“But he was pierced for our transgressions; he was crushed for our iniquities; upon him was the chastisement that brought us peace, and with his wounds we are healed.” Isaiah 53:5 (ESV)

The Apple dictionary defines conviction by: “The quality of showing that one is firmly convinced of what one believes or says.”

Isaiah 53:5 clearly teaches that Christ’s sacrifice on the cross heals our wounds. Christ’s pain heals our pain. Christ perfect blood heals our poisoned blood. Christ’s weakness gives us our strength. Christ’s surrendering to the Father allows us to surrender to the Father. Christ having learned obedience through suffering opens a way for us to learn obedience through suffering (Hebrews 5:8). Suffering is part and parcel of the Christian life.

Godly suffering breeds conviction. One may ask, “Are these deeper convictions even necessary? Can’t I just live my Christian life where I am at? After all I already believe in Christ, the Bible, and in God’s redemptive power.” It is one thing for someone to go to great length describing the taste and texture of honey, but unless I experience and taste honey myself I will never truly be able to say, “I have eaten and experienced the sweetness and the overwhelming smooth texture of honey.” I must as the Apostle Paul stated, fill up what is lacking in Christ’s afflictions (Colossians 1:24).

Those who have never truly mourned have never truly laughed. Why is this? Are Christians a bunch of masochists who love to suffer? No, we certainly do not want to suffer, but we know we must. Suffering for the Christian brings healing to our souls and what could be more important than that? The redemption of Christ through his beatings and torture brings eternal healing to our souls. We believe this is true. Our convictions grow deeper as we suffer as Christ suffered. “Blessed are those who mourn, for they shall be comforted (Matthew 5:5).”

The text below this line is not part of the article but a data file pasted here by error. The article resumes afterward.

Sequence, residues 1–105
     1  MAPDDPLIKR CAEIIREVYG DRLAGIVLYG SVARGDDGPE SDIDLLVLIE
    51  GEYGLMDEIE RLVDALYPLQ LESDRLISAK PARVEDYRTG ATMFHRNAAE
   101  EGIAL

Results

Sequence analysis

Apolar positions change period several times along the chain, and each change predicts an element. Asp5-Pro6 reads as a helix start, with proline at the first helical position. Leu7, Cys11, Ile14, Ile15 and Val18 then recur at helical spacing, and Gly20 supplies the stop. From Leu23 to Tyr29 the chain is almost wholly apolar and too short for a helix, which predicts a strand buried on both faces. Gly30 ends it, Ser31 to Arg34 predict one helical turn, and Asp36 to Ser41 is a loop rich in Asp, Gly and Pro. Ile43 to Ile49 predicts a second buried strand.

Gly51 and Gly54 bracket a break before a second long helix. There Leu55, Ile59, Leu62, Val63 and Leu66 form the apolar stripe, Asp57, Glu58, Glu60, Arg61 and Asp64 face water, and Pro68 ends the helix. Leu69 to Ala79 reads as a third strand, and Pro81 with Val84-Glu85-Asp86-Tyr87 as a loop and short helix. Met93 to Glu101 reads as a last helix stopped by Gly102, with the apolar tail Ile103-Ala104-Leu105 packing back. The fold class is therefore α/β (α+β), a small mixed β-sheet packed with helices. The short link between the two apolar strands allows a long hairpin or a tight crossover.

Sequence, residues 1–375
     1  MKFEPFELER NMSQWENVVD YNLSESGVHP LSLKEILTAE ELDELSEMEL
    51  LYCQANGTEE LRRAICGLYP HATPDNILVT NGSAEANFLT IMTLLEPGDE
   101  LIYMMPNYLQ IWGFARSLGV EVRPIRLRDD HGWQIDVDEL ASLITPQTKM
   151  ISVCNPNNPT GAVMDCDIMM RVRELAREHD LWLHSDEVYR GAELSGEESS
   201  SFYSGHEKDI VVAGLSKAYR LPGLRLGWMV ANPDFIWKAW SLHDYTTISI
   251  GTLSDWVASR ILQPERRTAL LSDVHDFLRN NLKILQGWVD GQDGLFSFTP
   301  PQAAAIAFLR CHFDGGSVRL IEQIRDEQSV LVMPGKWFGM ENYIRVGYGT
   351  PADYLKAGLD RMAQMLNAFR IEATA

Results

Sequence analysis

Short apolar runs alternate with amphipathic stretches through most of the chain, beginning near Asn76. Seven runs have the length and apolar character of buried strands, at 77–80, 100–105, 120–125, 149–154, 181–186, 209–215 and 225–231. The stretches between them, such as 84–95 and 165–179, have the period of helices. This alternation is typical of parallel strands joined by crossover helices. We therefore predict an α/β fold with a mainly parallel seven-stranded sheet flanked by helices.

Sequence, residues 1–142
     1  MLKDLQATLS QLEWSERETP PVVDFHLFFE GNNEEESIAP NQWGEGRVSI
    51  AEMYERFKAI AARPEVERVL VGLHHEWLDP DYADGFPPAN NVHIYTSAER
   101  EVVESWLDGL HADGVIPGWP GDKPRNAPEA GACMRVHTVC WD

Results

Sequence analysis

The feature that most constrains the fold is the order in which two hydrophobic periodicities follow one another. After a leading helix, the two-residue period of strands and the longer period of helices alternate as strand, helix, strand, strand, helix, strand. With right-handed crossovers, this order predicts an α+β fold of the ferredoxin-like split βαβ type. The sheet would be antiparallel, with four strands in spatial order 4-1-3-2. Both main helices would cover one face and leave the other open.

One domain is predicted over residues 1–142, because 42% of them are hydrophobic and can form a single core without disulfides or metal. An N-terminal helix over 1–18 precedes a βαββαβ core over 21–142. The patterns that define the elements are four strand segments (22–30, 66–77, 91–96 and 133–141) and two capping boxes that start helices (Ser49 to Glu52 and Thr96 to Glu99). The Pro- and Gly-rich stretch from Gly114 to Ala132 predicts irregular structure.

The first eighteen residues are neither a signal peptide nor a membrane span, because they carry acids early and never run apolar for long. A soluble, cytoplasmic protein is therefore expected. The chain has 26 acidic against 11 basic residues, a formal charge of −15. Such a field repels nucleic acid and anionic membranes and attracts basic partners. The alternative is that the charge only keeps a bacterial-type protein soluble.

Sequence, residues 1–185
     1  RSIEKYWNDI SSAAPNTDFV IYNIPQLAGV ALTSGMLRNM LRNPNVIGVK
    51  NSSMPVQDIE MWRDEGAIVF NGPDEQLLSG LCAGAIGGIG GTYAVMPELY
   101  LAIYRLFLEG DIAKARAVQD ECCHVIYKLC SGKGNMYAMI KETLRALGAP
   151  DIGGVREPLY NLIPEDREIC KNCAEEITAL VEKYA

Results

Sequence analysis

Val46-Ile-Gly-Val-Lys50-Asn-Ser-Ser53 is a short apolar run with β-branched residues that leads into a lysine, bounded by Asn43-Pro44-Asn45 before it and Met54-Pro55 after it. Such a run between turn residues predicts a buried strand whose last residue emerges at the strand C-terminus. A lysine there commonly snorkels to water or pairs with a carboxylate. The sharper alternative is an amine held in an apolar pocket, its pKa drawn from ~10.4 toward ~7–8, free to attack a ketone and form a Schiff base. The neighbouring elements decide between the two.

The more we fill up what is lacking in the afflictions of Christ, the greater the healing of our hearts. We are all born with empty and fatally bruised hearts until Christ comes and heals us. Together with Paul’s conversion came the words from Christ: “I will show him how much he must suffer for the sake of my name (Acts 7:16).”

The Apostle Paul died a healed man. Remember the words of James 1:2-4 (NLT), “Dear brothers and sisters, when troubles come your way, consider it an opportunity for great joy. For you know that when your faith is tested, your endurance has a chance to grow. So let it grow, for when your endurance is fully developed, you will be perfect and complete, needing nothing.”

What you lack in life is not more money, better health, a better spouse, or a better city, but rather suffering that buries the convictions of Christ’s death, burial, and resurrection deep within the recesses of your soul to the point where you can say, “It is well with my soul.”

Pastor Jared Cox

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